By Rev. Msgr. J. Brian Bransfield, USCCB
Every Sunday, in fact, every day at Mass, the priest prays an offertory prayer. As he lifts the bread, the small host that will become the body of Christ, the priest says:
“Blessed are you, Lord God of all creation,
for through your goodness we have received
the bread we offer you:
fruit of the earth and work of human hands,
it will become for us the bread of life.”
This short, easily missed prayer “locates” in one sense, the Holy Eucharist. The bread that is about to be transformed by the words of the priest and the action of the Holy Spirit is acknowledged to be already the gift of the “Lord God of all creation” and the “fruit of the earth and work of human hands.” The simple bread that the priest holds is itself, even before its supernatural transformation into the true body and blood of Christ, the natural gift of God as the “fruit of the earth.” The natural bread itself reflects the ordinary gift of the interaction of God and human beings – bread does not arise on its own. Bread arises when human beings take and mix the gifts God has given in the created world, flour and water, and bakes them by the gift of fire. The psalmist notes this sublime connection: “You make the grass to grow for the cattle and the plants to serve man’s needs, that he may bring forth bread from the earth …” (Psalm 104:14).1 Human hands take up and shape the natural ingredients and transform them into the recognizable substance of bread.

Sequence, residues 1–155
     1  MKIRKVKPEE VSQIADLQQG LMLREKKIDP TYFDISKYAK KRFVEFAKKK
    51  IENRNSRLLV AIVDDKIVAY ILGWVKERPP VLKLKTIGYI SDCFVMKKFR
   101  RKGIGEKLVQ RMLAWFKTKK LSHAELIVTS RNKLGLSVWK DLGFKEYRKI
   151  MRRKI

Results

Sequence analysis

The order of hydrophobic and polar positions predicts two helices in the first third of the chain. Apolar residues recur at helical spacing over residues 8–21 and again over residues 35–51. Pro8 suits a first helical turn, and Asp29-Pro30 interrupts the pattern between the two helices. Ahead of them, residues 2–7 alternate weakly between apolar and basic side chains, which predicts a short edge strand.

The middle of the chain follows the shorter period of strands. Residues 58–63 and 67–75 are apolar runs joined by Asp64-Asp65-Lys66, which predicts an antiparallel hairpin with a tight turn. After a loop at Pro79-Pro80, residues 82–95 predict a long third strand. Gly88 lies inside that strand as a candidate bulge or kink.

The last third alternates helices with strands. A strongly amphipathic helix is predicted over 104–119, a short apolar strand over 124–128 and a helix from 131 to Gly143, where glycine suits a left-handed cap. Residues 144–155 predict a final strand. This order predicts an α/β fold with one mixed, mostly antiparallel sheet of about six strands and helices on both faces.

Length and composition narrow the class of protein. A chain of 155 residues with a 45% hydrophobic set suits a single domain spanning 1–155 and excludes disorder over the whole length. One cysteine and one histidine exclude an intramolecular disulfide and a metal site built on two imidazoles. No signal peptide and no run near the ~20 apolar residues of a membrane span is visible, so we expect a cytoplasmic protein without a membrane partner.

So too with the wine. The wine that will become the blood of Christ is likewise the natural “fruit of the vine” given by the “God of all creation.” Having thus offered the bread and the wine to God in the offertory, the priest then begins to pray the Eucharistic Prayer. In this prayer he prays the institution narrative, the words of Jesus at the Last Supper. It is at these words, that the consecration takes place and through the miracle of transubstantiation the bread and the wine are changed into the body and blood of Christ. In the consecration, the natural gifts of bread and wine become the supernatural gift of the true body and true blood of Christ, the first fruits of the New Creation.